Most people are familiar with the traditions and festivities of Chinese New Year. But did you know that many Asian cultures celebrate the New Year on different days throughout the year, each with unique customs and spectacles? This year, Chinese New Year fell on Monday, February 8, but in India they party it up for five days in October. Tibet's celebrations, which begin on February 22, include dough balls that will tell your loved ones (or enemies) exactly how you feel about them.
The holiday is also a big money maker for Asian markets. According to Bloomberg, this year, “travelers will make a record 2.91 billion trips by road, rail, air and water over the holiday season, up 3.6 percent from last year. ... Retailers and restaurants will probably ring up more than $100 billion in sales.” They also estimated that around six million people will venture to foreign destinations over the holidays. If you’re headed to Asia this year, take note of when these festivities occur since you’ll most likely be tackling higher than usual crowds during these times. Plus, it's more fun to immerse yourselves in other cultures and choosing your vacation based on the country's new year may just be the way to go. Here’s a look at seven of the different traditions and calendar dates that vary between Asian ethnicities during the Lunar New Year:
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Shogatsu or Oshogatsu is celebrated in Japan from January 1 to January 3 since they adopted the Gregorian solar calendar in 1873. Because they believed (at the time) that Western practices were superior to theirs, the lunar calendar was phased out completely in 1910. Since then, they began celebrating New Year’s Day on the first of January. On New Year's Eve, toshikoshi soba (buckwheat noodles) are served for dinner to symbolize longevity. At midnight, temple bells ring 108 times in order to drive out the 108 burdens/sins/desires that mankind faces. January 1 starts early with a sunrise viewing, but it is believed that no work should be done the rest of the day. New Years is meant to be celebrated joyfully and free of stress. Many Japanese will also visit a temple or shrine during these three days.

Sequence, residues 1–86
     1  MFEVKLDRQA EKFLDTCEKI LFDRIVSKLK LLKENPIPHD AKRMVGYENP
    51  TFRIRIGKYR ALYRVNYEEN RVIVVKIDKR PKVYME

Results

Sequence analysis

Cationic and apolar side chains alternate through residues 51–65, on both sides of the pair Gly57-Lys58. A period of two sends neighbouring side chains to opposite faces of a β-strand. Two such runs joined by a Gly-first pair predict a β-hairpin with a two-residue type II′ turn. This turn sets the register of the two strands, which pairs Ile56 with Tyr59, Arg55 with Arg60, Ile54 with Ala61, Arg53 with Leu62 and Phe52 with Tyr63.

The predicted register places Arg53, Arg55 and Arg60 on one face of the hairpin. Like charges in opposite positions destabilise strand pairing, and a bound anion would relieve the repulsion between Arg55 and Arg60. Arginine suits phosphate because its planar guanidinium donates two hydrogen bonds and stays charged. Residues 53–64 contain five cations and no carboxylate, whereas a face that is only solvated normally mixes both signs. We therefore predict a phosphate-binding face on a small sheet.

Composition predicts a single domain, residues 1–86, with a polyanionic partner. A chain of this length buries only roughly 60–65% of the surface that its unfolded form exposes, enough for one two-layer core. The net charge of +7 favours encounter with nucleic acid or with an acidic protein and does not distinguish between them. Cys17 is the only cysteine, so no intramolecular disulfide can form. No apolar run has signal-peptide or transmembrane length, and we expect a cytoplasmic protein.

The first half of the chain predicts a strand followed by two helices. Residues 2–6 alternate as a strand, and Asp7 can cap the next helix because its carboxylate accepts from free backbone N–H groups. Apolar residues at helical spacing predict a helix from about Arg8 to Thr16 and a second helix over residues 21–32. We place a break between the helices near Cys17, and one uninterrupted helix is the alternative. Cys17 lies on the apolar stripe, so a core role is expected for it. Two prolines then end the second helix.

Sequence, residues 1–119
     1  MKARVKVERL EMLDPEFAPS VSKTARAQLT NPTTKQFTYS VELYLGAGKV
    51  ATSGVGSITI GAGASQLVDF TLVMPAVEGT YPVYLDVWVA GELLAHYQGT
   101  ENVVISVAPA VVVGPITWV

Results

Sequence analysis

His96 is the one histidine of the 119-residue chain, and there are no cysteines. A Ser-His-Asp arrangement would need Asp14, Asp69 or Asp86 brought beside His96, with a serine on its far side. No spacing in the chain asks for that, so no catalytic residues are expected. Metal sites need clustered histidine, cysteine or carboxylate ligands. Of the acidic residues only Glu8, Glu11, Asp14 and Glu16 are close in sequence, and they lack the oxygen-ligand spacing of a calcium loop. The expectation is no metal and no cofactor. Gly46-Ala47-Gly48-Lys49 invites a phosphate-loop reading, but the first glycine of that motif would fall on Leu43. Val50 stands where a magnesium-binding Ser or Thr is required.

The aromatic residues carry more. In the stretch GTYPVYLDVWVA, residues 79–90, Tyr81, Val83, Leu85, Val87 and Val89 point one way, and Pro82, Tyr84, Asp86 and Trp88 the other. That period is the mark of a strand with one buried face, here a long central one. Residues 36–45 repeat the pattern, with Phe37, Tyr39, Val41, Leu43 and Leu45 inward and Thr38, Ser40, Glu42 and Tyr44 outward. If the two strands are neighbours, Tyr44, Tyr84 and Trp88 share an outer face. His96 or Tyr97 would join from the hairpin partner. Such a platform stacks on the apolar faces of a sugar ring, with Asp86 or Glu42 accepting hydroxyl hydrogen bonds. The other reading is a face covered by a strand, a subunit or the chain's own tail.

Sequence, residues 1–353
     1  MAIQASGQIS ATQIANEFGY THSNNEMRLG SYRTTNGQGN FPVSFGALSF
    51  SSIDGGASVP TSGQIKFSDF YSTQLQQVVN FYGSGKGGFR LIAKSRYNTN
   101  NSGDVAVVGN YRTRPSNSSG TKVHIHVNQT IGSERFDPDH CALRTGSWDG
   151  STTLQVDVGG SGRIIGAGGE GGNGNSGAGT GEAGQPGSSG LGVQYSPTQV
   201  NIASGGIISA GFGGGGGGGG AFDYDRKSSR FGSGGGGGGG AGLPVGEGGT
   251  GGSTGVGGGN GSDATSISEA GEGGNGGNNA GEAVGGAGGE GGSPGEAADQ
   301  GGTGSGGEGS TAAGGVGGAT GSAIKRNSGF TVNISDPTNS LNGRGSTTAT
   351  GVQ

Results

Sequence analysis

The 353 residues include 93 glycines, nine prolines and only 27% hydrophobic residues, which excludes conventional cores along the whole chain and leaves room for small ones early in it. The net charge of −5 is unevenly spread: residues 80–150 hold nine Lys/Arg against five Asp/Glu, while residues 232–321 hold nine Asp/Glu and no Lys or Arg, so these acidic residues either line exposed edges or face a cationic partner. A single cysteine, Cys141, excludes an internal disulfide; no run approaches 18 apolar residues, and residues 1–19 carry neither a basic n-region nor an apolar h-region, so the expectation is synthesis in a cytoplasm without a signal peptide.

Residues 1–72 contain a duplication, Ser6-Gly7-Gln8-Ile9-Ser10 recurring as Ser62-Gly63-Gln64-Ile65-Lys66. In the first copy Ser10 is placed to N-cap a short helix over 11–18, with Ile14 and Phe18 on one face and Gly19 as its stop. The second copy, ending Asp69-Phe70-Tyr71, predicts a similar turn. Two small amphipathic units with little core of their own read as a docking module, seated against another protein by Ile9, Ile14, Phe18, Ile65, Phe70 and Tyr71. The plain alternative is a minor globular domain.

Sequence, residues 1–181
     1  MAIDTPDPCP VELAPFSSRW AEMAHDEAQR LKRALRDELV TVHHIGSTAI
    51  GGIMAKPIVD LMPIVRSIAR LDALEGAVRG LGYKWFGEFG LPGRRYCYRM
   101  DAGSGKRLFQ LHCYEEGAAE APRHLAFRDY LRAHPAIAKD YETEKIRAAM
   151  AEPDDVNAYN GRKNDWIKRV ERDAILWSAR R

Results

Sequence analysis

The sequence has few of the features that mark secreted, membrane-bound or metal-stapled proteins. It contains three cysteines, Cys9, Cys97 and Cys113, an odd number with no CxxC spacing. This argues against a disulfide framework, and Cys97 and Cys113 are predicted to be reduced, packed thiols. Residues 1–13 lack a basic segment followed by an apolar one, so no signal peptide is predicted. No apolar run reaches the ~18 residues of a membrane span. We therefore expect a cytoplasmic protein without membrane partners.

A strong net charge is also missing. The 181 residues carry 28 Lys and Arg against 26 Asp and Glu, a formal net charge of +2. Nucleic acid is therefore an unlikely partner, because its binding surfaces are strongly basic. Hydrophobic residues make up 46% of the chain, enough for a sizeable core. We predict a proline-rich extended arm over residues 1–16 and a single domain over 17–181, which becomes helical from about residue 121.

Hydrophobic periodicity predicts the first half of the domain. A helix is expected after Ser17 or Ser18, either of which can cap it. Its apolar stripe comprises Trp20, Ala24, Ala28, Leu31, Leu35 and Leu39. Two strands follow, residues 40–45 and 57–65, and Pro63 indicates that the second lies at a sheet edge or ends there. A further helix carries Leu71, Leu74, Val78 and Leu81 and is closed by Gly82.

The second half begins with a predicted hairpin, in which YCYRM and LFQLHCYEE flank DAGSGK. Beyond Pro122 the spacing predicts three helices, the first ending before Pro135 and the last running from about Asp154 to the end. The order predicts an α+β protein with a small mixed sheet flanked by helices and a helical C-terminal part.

Up until the late 19th century Koreans exclusively celebrated Seollal (the lunar new year), eventually adopting January 1 from the west. The former usually consists of a low-key family observance while the latter is a three-day fest that is less extravagant than their Chinese neighbors, but still a full-blown affair. Celebrations begin with women clothed in a traditional hanbok dresses and all family members practicing in seh bae (a deep bow to the floor). The ceremonial ritual is done by bowing to deceased ancestors and preparing drinks and food for their spirits. This is followed by duk gook, a soup filled with dumplings. Gifts to family members usually include fresh fruits, honey, ginseng, honey and sebaedon (money). But children must work for their money in the form of bows to elders.